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The Inertia

The Catholic faith literally saved my family. I imagine it was a cold and lonely winter in Green Bay, Wisconsin when my grandfather arrived there with his father and mother, straight off the boat from southern Ireland. Second-class citizens still, even in the early 1900s. The wind probably blew harsh and cold, a far-cry from the wet winters back home. Snow can make you feel helpless and lonely, especially if you’ve never experienced it.

My grandfather’s father was looking for work, and found it as a traveling salesman, peddling all sorts of goods. And he was never home. Then tragedy struck: my great grandmother died of cancer, we think, and my great grandfather, whose brogue was so deep no one could understand him, even later in life, left my grandpa, just a baby, and his sisters, with the Catholic church. So you see, I might not be here if it weren’t for Catholicism.

But I never got into religion. Humble brag: travel has exposed me to so many different ideas of what spirituality is, I’m eternally confused on the subject. And totally OK with that. There are too many offshoots of offshoots to keep track of, all seemingly trying to scare the hell out of people into being good.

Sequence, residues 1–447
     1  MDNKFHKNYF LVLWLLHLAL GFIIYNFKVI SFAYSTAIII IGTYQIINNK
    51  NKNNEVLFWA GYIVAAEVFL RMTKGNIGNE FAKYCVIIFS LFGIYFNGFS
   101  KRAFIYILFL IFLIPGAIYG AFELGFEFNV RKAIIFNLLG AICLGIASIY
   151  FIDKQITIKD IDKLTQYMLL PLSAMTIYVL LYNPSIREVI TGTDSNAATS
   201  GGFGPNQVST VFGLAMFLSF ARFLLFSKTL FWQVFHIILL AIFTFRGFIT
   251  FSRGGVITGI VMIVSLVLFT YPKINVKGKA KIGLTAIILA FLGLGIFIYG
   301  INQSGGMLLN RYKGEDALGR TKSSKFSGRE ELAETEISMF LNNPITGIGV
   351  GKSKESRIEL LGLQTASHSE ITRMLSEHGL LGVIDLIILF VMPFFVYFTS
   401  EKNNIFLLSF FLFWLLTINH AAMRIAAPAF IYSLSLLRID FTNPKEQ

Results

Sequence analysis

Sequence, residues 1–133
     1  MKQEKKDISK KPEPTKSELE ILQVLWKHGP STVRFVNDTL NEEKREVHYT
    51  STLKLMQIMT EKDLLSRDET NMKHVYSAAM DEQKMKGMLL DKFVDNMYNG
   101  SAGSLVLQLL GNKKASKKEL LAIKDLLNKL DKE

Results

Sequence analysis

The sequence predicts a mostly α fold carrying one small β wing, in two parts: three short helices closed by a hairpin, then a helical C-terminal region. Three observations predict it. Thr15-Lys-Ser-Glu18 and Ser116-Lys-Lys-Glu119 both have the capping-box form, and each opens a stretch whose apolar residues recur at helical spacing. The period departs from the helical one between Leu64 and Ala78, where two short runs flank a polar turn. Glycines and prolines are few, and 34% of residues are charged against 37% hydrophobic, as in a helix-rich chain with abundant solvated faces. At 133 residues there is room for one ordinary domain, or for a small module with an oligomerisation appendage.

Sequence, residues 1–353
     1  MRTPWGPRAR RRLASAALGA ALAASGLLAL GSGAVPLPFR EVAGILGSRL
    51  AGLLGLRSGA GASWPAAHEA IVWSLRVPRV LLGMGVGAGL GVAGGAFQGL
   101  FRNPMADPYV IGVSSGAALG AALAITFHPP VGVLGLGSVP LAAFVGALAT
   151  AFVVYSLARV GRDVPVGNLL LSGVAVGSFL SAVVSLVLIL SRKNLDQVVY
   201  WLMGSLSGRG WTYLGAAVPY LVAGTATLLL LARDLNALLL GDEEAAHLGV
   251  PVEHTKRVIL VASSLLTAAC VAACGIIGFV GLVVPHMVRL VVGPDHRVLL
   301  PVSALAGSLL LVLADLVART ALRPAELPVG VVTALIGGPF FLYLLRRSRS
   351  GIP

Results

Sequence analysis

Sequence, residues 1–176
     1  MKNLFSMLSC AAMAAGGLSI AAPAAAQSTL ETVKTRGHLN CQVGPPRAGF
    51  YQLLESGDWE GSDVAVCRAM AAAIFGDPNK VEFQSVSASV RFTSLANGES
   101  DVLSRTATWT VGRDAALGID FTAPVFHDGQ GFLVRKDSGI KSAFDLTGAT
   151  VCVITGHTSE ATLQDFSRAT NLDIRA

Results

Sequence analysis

On the other hand, it’s hard not to feel that there’s something bigger out there. I guess most of us have some sort of desire to find out what that is.

That’s why I can’t say with absolute certainty that these faiths don’t include truths for those that follow them. There’s still inspiration to be found in institutionalized religions: like this Catholic priest, Father David Bergeron, who during the massive flooding in Houston brought on by Hurricane Harvey, found himself out giving mass and helping others in his kayak. “Doing little things with great love,” he said, “that makes [all] the difference in the world.” Hard not to find truth in that.

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